When trying to sell Schmigadoon! to my family, I told them it was about a couple that gets trapped in a movie musical. Ever wise, my daughters asked, “So, it’s like Jumanji?” It sort of is in that half the fun is the tropes that are being parodied and the other half of the fun is in the annoyed reactions — especially that of Keegan-Michael Key’s character — to being stuck in this universe. When one of my daughters asked, “Is he like the Jack Black character who is always saying, ‘Oh hell no!’?” I said, “Sort of,” and then admonished her for watching too much TV.
Key plays Josh opposite Cecily Strong’s Melissa, both doctors, who are also a couple going through a rough patch in their relationship. They decide to go on a hike designed to be a form of couples therapy. En route, Josh and Melissa find themselves inexplicably stuck inside of a movie-musical called Schmigadoon where a leprechaun, played by Martin Short (who, alas, has only one appearance), informs them that they cannot leave until they find “true love.” Realizing that their love is not “true” by virtue of the fact that they cannot leave, the two set about finding their true companions within the world of Schmigadoon while improving their own relationship.
The series is a knowing, sometimes ironic parody of 1940s and ’50s movie musicals like Brigadoon, Oklahoma, and Carousel, although no one who doesn’t also love those movies would be able to write so lovingly a parody (and included among the writers are Julie Klausner and SNL’s Bowen Yang in addition to the creators, Ken Daurio and Cinco Paul, the latter of whom are responsible for writing the Despicable Me franchise and The Secret Life of Pets). It’s also worth noting that, though you may not get all the references, a passing familiarity is all that is necessary to enjoy the series. You don’t need to know The Music Man to appreciate Cecily Strong singing about the magic of reproduction, Alan Cumming singing about being closeted, or Kristin Chenoweth singing about anything.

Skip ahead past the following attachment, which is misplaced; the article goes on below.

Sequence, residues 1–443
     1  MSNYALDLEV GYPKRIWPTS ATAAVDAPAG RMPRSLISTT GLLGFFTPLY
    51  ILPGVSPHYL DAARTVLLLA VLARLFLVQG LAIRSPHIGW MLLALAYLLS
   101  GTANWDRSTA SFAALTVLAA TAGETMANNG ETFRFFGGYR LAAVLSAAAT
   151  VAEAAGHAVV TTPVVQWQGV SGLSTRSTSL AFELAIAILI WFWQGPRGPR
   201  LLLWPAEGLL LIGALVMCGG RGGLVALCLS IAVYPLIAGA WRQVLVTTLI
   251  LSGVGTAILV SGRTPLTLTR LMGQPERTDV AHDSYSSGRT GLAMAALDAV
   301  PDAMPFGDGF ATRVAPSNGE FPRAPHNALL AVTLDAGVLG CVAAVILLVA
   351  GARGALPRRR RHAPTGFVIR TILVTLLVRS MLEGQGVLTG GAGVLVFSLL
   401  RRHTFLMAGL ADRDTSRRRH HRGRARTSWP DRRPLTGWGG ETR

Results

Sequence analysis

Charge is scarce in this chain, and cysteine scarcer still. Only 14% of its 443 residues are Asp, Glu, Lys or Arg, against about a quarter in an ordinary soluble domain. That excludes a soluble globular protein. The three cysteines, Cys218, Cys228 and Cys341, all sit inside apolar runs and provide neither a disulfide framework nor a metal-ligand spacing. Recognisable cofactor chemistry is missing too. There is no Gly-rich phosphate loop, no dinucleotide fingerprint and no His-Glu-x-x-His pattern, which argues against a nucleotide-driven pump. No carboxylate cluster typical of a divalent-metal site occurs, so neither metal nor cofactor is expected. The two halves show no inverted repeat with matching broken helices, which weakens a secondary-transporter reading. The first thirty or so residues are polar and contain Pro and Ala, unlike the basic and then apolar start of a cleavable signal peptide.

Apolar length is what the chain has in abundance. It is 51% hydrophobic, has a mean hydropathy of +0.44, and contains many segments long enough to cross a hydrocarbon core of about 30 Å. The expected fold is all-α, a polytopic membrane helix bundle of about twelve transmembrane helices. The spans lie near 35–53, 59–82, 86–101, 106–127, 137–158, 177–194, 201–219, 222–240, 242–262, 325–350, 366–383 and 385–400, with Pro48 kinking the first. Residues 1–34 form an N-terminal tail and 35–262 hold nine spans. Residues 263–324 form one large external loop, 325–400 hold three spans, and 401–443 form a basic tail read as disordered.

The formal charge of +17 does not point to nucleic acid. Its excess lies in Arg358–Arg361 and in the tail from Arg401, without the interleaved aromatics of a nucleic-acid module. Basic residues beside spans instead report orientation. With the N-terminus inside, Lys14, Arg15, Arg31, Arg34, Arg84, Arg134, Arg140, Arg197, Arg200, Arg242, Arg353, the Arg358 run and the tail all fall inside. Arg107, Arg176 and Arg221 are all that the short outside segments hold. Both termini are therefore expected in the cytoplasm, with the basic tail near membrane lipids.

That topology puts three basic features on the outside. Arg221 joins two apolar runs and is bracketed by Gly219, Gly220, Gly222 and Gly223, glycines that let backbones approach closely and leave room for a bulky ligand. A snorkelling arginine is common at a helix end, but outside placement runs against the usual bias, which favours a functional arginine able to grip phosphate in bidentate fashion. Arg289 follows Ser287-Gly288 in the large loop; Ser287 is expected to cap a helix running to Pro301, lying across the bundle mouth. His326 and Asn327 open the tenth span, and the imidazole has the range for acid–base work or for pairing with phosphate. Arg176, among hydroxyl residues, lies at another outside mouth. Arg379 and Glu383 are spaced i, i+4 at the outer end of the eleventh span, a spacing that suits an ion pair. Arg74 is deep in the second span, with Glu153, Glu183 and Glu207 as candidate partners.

It’s an enjoyable watch, but I’ll admit that Schmigadoon! didn’t gain my full attention until Ariana DeBose — who plays a schoolmarm introduced in episode three (and more fully in the fourth episode) — shows up and steals the show. DeBose is relatively unknown outside of Broadway circles, but here she is a goddamn force. She elevates the whole production from a B in the first three episodes to a solid A- in the latter three. She plays a potential love interest to Josh, and outside of Chenoweth, there’s nary a soul I’ve seen who can act while singing as well as DeBose does in Schmigadoon. She blows the roof off the joint, and should the series gain a second season, they’d be wise to center it on her.
That’s not a knock against the rest of the stellar cast, which includes Aaron Tveit, who plays a Carousel-inspired rapscallion; Fred Armisen (a local preacher); Jaime Camil (a very handsome but old-fashioned sexist doctor); and Dove Cameron, who plays Betsy, a character who looks 28 but may or may not be a teenager. Jane Krakowski also makes an appearance as the leggy Countess, who is also definitely a Nazi.
On a technical level, the series is impressive as hell, although I’ll admit it takes an episode or two to warm up to the concept, especially if you don’t care for old-timey movie musicals. However, once it finds its stride, Schmigadoon! is an irresistibly fun and ultimately heartwarming musical rom-com.
Header Image Source: Apple TV+